Customize Your “Send To” Right-Click Windows Menu

Jimmy Rogers 12-09-2008

Customize Your "Send To" Right-Click Windows Menu screenshot4 If you’re like me, you frequently need to move the same types of files to the same places over and over again. While you could keep a shortcut pointing to that location on your Desktop, there’s an even easier (and more flexible) way to quickly move files to a favorite place. The secret lies in the “Send To” command found in your right-click contextual menu.


At this point you’re probably either thinking, “what command where?” or “that has a function?” Hopefully we’ll answer both of those in that order for you. First, right-click on any file or folder. Notice that the “contextual” menu, that is, the menu that drops down from your cursor, has several options on it. The one we’re interested in is “Send To.” Once you run your mouse over the ‘Send To’ command, it drops down with a list of locations.

Now when you first saw this tool, if you even noticed it at all, you probably thought it was pretty terrible. Most of the locations on the list, by default, are fairly useless. The only way I ever used ‘Send To’ in the past was to create shortcuts and put them on the Desktop. What you see above is my newly cleaned-up and customized ‘Send To’ menu.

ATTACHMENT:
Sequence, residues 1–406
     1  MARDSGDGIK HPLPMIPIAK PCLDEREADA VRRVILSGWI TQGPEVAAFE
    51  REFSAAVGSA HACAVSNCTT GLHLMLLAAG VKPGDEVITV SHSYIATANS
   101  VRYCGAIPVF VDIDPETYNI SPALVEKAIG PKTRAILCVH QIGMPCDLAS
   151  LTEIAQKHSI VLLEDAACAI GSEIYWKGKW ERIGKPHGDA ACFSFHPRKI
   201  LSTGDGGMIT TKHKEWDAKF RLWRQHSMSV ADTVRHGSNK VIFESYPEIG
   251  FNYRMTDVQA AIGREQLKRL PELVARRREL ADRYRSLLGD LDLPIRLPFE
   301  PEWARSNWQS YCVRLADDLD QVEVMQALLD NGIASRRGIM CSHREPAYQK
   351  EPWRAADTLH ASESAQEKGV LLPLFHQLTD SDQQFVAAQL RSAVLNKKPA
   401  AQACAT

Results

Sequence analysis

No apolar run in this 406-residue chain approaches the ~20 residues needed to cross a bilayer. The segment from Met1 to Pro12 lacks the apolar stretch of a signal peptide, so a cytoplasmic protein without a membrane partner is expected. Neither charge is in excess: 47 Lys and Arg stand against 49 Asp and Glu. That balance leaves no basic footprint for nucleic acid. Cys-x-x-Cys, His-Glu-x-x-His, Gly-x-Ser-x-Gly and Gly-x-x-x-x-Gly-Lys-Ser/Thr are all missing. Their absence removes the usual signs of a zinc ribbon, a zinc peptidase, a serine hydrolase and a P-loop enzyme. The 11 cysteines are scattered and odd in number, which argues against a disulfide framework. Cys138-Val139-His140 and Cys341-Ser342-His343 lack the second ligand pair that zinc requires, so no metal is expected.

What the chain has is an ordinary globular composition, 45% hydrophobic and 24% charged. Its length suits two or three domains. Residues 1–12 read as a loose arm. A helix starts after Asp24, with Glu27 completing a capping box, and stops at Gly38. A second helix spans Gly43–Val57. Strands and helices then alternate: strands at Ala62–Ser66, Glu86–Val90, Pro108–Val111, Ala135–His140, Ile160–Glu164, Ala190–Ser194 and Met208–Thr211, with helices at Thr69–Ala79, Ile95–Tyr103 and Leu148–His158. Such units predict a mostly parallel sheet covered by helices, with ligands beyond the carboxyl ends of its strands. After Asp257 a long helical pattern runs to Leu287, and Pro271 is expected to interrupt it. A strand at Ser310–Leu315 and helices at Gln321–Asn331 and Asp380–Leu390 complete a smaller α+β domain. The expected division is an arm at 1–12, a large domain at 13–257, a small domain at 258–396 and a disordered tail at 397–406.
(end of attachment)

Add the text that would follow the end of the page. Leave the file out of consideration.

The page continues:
One of the unadvertised features of ‘Send To’ is that you can directly change the items that show up in the list. This is done by going to a specific folder and changing its contents. That folder is found in “Documents and Settings/yourusername.” Note: replace “yourusername” with whatever your user account name is on your computer. Here’s what mine looks like.

customize send to menu

Notice that the Send To folder is somewhat transparent, indicating it is a hidden folder. If your hidden folders are not visible, go into “Tools->Folder Options->View (Tab)->Show Hidden Folders.” Once you have done this you are ready to go into your Send To folder.


customize send to

In the folder, you will see all of the items that show up in the drop down. Most of these are actually shortcuts to those places, though a few are drives, commands to zip, or special system shortcuts to places like the Desktop or ‘My Documents’. Because they’re shortcuts, any other shortcuts you place in this folder will also show up in your Send To drop down.